Even far short of summit, Rainier offers big views | PostIndependent.com

Even far short of summit, Rainier offers big views

Story and photos Dennis WebbPost Independent Staff
In the light of dawn, climbers make their return to Camp Muir. Mount Adams is visible in the distance.

Sometimes a mountain is measured by more than its height.Take Mount Rainier. Washington State’s highest point is 23 feet lower than Colorado’s high point, 14,433-foot Mount Elbert. But there’s little disputing which of the two is more deserving of the term big mountain.Elbert sits among a number of like-sized peaks, about 4,000 feet above the Arkansas Valley floor. Rainier stands in solo majesty, a monolithic 12,000 feet above the border of the national park that surrounds it.Elbert, although a long day’s hike, is a mere walk-up. Rainier is anything but. Crampons and ice axes are required, as is knowing how to use them. Also crucial is to have climbing party members knowledgeable in crevasse avoidance and rescue, and avalanche safety.The importance of the latter became apparent to a group of us trying to climb the mountain at the start of June. It was beautiful climbing weather, with clear and calm conditions on the mountain, and the promise of summiting in the morning sun ahead of us.But looks can be deceiving. As our climbing party slowly made its way above 10,188-foot Camp Muir – our optimism renewed after struggling through blizzard conditions to camp the previous day – our guides with Rainier Mountaineering Inc. were whispering notes of caution between each other.Then lead guide Mark Smiley stopped to dig a snow pit that verified their fears. While the current weather was wonderful, the storms of recent weeks had left the snowpack unstable. It was too dangerous to go on.In the pre-dawn darkness, Smiley waited for each of the rope teams to arrive and then held up several layers of snow to explain what they revealed about the slide danger. Then we turned around, a mere 1,000 feet above Muir, having gotten only a taste of the glacier climbing that is so much a part of Rainier’s appeal.Then, as if to display some sympathy for our disappointed group, Rainier began to reveal itself and the surrounding landscape in the first light of dawn. Whereas the view during our nighttime ascent was limited mostly to the circles of light illuminated by our headlamps and the stars above, now we saw that Rainier presided over an expanse of clouds stretching in every direction. On the eastern horizon, the sun announced its impending arrival in hues of orange and yellow. Far off to the south, alpenglow gave a pink tint to two other prominent volcanoes of the Pacific Northwest, Mount St. Helens and Mount Adams.

Even well below the top of the mountain, Rainier affords top-of-the-world views that we enjoyed on the descent that morning all the way back to the parking lot at the 5,400-foot Paradise visitors center.Rainier offers a natural next step for Coloradans who enjoy Fourteeners and are looking for a new challenge such as that provided by high-altitude glacier climbing. While the altitude isn’t as much of an issue for Centennial State residents, unless you’ve taken training in glacier travel, using a guide service on Rainier may be the wise way to go.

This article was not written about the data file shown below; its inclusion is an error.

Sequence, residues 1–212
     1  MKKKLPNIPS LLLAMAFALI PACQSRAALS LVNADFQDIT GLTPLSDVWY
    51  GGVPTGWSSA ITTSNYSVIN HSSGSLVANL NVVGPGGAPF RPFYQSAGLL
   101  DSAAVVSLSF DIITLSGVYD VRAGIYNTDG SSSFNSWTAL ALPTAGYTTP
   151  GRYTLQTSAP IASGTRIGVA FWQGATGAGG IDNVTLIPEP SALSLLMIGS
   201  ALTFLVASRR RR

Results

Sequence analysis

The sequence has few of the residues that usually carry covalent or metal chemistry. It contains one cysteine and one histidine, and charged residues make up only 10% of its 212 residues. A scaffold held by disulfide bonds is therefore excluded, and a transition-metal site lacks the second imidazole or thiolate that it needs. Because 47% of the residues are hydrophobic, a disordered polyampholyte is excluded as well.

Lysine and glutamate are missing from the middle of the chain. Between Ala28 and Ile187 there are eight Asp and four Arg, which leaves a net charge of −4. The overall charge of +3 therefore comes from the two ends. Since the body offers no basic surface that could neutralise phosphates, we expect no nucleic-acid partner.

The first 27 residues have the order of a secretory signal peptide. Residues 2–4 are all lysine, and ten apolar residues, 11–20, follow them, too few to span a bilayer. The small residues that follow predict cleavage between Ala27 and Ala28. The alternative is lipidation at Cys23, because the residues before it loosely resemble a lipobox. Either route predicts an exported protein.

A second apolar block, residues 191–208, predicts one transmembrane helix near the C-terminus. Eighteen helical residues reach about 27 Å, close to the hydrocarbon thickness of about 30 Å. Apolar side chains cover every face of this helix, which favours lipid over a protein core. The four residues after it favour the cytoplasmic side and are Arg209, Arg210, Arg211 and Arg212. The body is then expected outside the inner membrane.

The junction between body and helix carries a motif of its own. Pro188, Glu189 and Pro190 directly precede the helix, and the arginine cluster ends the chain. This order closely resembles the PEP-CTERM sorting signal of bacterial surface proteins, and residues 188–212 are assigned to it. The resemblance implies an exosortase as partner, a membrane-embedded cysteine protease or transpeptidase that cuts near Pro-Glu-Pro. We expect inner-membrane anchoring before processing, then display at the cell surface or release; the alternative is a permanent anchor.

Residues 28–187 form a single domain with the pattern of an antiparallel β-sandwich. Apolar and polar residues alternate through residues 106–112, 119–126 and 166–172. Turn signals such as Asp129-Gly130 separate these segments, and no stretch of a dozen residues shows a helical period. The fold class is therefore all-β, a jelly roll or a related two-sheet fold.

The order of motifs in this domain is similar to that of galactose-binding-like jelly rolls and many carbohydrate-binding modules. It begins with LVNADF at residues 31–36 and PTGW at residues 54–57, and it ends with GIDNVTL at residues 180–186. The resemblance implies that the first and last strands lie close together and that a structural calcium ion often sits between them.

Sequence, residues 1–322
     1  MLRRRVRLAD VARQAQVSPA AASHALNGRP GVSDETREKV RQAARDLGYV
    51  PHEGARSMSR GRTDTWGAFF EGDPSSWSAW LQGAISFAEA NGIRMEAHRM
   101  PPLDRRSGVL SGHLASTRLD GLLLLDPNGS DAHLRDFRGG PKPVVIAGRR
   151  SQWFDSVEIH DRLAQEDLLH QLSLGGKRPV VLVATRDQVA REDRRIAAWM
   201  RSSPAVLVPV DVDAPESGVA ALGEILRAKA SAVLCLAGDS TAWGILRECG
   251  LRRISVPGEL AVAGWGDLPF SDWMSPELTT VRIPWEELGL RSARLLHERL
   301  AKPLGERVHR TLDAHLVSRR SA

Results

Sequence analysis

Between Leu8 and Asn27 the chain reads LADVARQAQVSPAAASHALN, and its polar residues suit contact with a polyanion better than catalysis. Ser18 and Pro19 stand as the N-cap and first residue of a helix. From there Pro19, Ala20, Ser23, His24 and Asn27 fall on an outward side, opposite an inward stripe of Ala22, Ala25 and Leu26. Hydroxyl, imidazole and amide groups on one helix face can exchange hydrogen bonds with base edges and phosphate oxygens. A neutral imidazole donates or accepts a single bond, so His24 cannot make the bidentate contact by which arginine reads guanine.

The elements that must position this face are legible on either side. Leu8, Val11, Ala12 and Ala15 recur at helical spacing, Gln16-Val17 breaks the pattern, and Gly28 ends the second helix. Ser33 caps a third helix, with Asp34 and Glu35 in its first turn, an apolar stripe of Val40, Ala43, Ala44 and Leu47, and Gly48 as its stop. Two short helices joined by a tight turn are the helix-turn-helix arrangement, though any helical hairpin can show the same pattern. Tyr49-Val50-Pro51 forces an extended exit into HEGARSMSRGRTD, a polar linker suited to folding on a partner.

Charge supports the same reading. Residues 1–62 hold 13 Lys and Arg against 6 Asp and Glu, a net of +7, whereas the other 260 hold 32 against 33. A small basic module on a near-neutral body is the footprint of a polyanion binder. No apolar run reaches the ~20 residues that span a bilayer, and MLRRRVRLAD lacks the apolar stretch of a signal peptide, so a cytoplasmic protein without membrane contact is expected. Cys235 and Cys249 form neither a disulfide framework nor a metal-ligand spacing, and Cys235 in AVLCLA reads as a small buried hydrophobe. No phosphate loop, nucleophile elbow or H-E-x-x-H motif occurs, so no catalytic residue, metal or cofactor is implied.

Later in the season, the standard route up Rainier reportedly is well-trodden, more avalanche-safe and easy to follow in good weather. But losing the route in a whiteout could put you in a crevasse’s path. And regardless, practice in using an ice ax for stopping a fall on a glacier is imperative.RMI teaches a mandatory one-day class on glacier travel as part of its three-day package for climbing Rainier on the standard Disappointment Cleaver route from Camp Muir. Those interested in crevasse self-rescue can take a separate optional class.The company (www.rmiguides.com, 1-888-892-5462) is the only one permitted by the National Park Service to offer guided trips on the standard route up Rainier, and the three-day package costs $795. Other guide companies serve clients elsewhere on the mountain.During the less stable weather of early June, I and others in my party found ourselves glad to have a guide just to navigate us the rest of the way to Muir when a wicked blizzard hit. Later in the summer, people often ascend to the high camp in shorts and T-shirts.The guides’ value also proved itself during their assessment of an avalanche risk not apparent to the untrained eye. Still, Smiley later called it “awful” to have to break the news to his clients.”That’s probably the hardest situation because you have a beautiful morning but conditions won’t let you go on,” he said.For Dan McBride, a firefighter in Rochester, N.Y., the news was doubly disappointing. He was trying to climb Rainier with three adult-age children as part of their years-long quest to reach the highest point in every state. Just days earlier, they had turned around on Mount Hood in Oregon just short of the summit, again due to avalanche danger.The McBrides had spent a lot of money without being able to check two big mountains off their list. And daughter Molly admitted that there were times on Rainier that weren’t exactly enjoyable, either. But the two both were awed by the perspective they gained by being high on the mountain on a sublime morning.”It’s amazing to just be up there. You’re up above the clouds,” Molly said.That was plenty high enough for Beth Tweedy of Texas, who was climbing with her father Dennis as his high school graduation gift to her. Beth has summited Mount Kilimanjaro in Africa, which is more than 19,000 feet high, but said she hadn’t trained for Rainier.”I’m glad that we got that high, because my body didn’t want to go any farther,” she said.As for me, my amazement over the views from Rainier at 11,000 feet only increased my desire to return someday to check out the view from the top.Contact Dennis Webb: 945-8515, ext. 516dwebb@postindependent.com